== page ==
I don’t think you’re ready for this gel-ly: New hydrogels for tissue engineering
By LifETIME CDT Student: Chloe Wallace (University of Glasgow)
From jelly to contact lenses – hydrogels are all around us. In fact, with the exception of our teeth and bones, most of our body is composed of hydrogels. With that in mind, it seems obvious to explore the potential of these gels as biomaterials. In my project, I will be developing biocompatible hydrogels for a range of applications. I will also be attempting to gain a deeper understanding of how and why cells interact with certain materials. If successful, this research could innovate how we design such materials in the future.
Since their discovery hydrogels have been defined in a number of different ways. The simplest of these defines a hydrogel as a water swollen polymer. Over the past two decades they have become the most common scaffolds for tissue engineering. This is largely due to their high water content and flexible, 3D structure which mimics the extracellular matrix. 1 In my research, I use low molecular weight or supramolecular hydrogels. This class of gel is particularly interesting as they are formed by small molecules which assemble into a network to immobilize the solvent – which in the case of hydrogels is water.2 A fascinating property of these gels is their reversibility of their gelation, which could potentially allow them to release cells while avoiding cell death. As well as this, these gels have a high drug loading capacity and the ability to carry out drug release in a controlled manner. All of these features point towards their immense potential in the field of bioengineering.3
In the past, natural or animal derived hydrogels, such as collagen, were commonly used for tissue engineering applications.4 The synthetic peptide hydrogels used in my project have a host of advantages compared to natural hydrogels. Firstly, natural hydrogels have a high variability and are chemically inconsistent. On the other hand, synthetic peptide-based hydrogels have a defined chemical composition which reduces the likelihood of any batch-to-batch variation. This defined structure has the added advantage that it can be modified to introduce degradability and functionality. Secondly, peptide hydrogels have the potential to be highly biocompatible, as biological cues required for cells to grow and survive can be readily incorporated. Finally, the tuneable mechanical properties of these gels make them particularly suited to tissue engineering applications as the stiffness of the gel drives cell differentiation.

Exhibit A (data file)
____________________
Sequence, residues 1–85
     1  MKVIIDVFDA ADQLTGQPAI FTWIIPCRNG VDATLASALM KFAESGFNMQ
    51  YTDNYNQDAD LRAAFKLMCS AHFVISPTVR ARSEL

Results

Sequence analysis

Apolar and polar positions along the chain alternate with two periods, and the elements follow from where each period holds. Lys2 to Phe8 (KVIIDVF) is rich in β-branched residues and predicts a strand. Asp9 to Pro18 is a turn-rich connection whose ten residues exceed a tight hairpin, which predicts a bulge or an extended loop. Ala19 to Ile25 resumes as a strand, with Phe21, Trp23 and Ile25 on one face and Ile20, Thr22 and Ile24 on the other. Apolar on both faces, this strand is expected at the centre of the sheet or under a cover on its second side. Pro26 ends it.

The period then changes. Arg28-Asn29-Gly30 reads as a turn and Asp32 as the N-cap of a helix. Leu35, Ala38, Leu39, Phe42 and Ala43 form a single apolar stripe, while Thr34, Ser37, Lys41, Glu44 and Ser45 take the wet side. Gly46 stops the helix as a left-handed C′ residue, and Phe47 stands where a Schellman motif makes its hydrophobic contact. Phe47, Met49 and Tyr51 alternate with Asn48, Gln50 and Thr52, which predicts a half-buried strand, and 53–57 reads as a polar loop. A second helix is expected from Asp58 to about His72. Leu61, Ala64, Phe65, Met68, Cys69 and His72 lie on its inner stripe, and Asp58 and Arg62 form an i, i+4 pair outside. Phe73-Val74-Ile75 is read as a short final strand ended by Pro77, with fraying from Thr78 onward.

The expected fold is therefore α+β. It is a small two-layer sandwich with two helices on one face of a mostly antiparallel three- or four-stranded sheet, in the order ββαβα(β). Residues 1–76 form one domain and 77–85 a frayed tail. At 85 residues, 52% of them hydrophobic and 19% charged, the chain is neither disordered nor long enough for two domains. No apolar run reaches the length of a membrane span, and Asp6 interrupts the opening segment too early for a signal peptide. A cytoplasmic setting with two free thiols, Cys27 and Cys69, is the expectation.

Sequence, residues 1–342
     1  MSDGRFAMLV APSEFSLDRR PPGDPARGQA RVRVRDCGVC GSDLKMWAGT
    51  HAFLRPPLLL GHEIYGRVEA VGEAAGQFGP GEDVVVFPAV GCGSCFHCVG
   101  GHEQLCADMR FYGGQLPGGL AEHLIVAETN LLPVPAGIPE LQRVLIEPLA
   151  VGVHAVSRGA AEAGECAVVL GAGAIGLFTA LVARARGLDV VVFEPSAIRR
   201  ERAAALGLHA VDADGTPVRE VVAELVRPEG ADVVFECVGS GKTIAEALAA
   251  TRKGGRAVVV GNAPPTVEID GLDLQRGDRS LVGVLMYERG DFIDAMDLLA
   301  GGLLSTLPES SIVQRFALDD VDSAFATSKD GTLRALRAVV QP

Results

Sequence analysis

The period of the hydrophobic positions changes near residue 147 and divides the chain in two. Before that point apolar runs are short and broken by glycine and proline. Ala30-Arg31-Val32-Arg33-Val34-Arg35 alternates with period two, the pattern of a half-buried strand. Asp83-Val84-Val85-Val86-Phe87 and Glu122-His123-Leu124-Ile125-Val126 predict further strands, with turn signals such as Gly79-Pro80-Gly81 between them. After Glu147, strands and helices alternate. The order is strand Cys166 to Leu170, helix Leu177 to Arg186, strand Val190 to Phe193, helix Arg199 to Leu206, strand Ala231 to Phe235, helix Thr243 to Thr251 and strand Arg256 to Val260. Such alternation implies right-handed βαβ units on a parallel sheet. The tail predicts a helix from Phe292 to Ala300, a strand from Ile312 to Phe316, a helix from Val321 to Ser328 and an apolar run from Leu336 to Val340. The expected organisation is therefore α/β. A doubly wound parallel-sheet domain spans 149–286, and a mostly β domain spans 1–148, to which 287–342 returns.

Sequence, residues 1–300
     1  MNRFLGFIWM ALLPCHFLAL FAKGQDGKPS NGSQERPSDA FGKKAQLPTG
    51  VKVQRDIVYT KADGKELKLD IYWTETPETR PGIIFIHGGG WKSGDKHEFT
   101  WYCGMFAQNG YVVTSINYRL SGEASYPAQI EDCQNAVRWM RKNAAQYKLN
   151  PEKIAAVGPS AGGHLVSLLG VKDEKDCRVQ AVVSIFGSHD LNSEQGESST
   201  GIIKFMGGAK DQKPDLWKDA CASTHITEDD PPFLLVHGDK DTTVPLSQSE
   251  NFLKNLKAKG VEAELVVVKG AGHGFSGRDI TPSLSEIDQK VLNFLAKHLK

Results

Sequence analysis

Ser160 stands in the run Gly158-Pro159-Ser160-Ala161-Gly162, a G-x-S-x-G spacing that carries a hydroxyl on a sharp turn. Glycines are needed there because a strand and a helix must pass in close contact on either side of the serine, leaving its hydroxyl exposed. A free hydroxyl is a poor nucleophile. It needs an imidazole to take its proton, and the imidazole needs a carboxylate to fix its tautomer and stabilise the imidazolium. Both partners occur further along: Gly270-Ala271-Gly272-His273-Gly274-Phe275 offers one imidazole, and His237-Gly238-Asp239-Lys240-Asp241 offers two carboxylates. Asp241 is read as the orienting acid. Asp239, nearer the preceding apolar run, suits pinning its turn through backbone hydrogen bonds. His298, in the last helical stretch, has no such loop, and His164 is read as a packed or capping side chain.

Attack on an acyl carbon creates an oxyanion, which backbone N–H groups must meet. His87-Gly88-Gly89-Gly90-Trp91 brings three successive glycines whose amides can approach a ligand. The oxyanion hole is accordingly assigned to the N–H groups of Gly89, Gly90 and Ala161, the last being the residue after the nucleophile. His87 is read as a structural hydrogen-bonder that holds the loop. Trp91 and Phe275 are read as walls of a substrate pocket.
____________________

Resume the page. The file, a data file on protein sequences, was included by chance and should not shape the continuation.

The first step of my project is to develop a suitable peptide-based hydrogel which is stable at a physiological pH and will allow cells, in this case mesenchymal stem cells, to be cultured on it. Once the gels have been synthesised, I can start to investigate the effects of incorporating PODS® from my industry stakeholder, Cell Guidance systems. These PODS® will provide a sustainable rate of growth factors release throughout the hydrogel. At this stage I will be keen to explore the effects of these PODS® on the structure of the gel network. The next step will be utilising the gels for cell culture, in this case mesenchymal stem cells will be used. Initially, 2D cell culture will be attempted to test to biocompatibility of the hydrogels. If successful I can then move towards using the hydrogels to 3D culture.
As well as allowing us to explore cell-biomaterial interactions, these hydrogels will have a variety of possible applications. One potential use would be to use the gel as a carrier for the PODS®, allowing growth factors to be delivered directly to the site where they’re needed via a hydrogel injection. The encapsulated PODS® would then release the growth factors in a sustainable manner and degrade without provoking an immune response. Another possibility would be to use the gels as bioinks for the 3D printing of tissues. Alternatively, the hydrogels could be used for culturing spheroids, which could eventually be employed as an in vitro model for drug testing.
- E. M. Ahmed, Journal of Advanced Research, 2015, 6, 105-121.
- E. R. Draper and D. J. Adams, Chem, 2017, 3, 390-410.
- R. Dong, Y. Pang, Y. Su and X. Zhu, Biomaterials Science, 2015, 3, 937-954.
- M. R. Singh, S. Patel and D. Singh, in Nanobiomaterials in Soft Tissue Engineering, ed. A. M. Grumezescu, William Andrew Publishing, 2016, DOI: https://doi.org/10.1016/B978-0-323-42865-1.00009-X, pp. 231-260.